The emergence of VLC is in fact a result of recent development in solid state lighting technologies. New generations of LEDs have attractive features such as a long life expectancy, high tolerance to humidity, lower power consumption and reduced heat dissipation.
Metamaterials: Nanopatterned metamaterial boosts LED underwater communications
University of California, San Diego (UCSD) researcher Zhaowei Liu and colleagues have taken the first steps in developing high-modulation-rate blue and green LEDs for underwater optical communications. They have created a hyperbolic metamaterial (HMM), consisting of layers of Ag and Si patterned with a grating and covered with Rhodamine 6G dye, that boosts the spontaneous-emission rate of a fluorescent light-emitting dye molecule—Rhodamine 6G (R6G)—by a factor of 76, as well as increasing the emission intensity of the dye by a factor of 80.1. Hyperbolic metamaterials are able to achieve plasmonic resonance in which electrons oscillate collectively within a material which, when aligned with fluorescent emission, can amplify the emission.
Gallium nitride (GaN)-based blue- and green-emitting LEDs can achieve extremely high modulation rates, currently they achieve less than 1 GHz. The next step for the researchers will be to pair the nanostructured metamaterial with GaN-based LEDs to develop a better light source for communication purposes. They hope to increase the rate at which information can be sent underwater via optical channels, such as between ships and submarines, submarines and divers, underwater environmental sensors and unmanned underwater vehicles.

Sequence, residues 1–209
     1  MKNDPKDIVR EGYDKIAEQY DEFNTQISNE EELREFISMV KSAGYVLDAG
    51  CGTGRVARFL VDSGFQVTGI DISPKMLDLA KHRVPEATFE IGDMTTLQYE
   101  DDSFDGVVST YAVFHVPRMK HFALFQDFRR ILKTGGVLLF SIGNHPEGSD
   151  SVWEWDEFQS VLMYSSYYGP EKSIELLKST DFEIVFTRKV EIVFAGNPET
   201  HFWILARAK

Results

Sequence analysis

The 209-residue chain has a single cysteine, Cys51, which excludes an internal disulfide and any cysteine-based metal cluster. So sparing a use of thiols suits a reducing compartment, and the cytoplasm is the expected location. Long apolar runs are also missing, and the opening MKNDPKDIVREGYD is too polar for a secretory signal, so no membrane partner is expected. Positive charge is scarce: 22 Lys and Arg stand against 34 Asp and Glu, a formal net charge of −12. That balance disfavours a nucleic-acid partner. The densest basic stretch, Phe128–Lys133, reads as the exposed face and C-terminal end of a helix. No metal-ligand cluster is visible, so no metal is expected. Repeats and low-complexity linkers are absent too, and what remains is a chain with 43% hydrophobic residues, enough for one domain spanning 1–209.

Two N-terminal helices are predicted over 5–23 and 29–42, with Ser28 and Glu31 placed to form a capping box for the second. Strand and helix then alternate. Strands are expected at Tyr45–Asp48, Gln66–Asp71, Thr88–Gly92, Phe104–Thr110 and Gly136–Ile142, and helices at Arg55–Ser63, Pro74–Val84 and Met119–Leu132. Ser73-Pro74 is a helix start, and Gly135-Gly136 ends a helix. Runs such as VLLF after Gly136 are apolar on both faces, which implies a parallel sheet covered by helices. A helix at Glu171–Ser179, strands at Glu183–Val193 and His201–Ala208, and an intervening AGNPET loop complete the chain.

But Haas cautiously praised Liu’s results, saying that they could help solve a challenge in the Li-Fi industry if they deliver. Off-the-shelf bulbs are optimized for visible light, not for communications, and so it’s only possible to modulate their intensity comparatively slowly. Liu and colleagues’ blink rate-boosting materials could be a boon. “These devices are perhaps able to provide a step towards the results we would like to achieve,” Haas said
‘Record’ Li-Fi data rate achieved by single GaN Blue micro-LED
Researchers at CEA-Leti, a technology research institute based in Grenoble, France, say they have broken the throughput world record of 5.1 Gbps in visible light communications (VLC – also known as Li-Fi) using a single GaN blue micro- light-emitting diode (LED).
The published data transmission rate of 7.7 Gbps achieved with a 10 µm microLED “marks another step toward commercialization and widespread use of Li-Fi communication,” say the scientists.
In addition to a stand-alone Wi-Fi-like standard, there is the possibility of including Li-Fi technology as a component carrier in the downlink of 5G-NR, a radio-access technology for 5G mobile considerations, is also under investigation to bring a large additional license-free bandwidth. ”This may be feasible because its Li-Fi physical layer relies on the same concepts as WiFi and 5G technologies,” added Miscopein. “Matrices of thousands of microLEDs could also open the way to mid- to long-range applications, such as indoor wireless multiple access.” Preserving the bandwidth of each microLED within a matrix requires that each signal is generated as close as possible to the micro-optical source.
“To meet this challenge,” he said, “we expect to hybridize the microLED matrix onto another matrix of CMOS drivers: one simple CMOS driver will pilot one microLED. This will also enable the additional feature of piloting each microLED pixel independently, and that allows new types of digital-to-optical waveforms that could eliminate the need for digital-to-analog converters commonly used in the conventional ‘analogue’ implementations of LiFi.”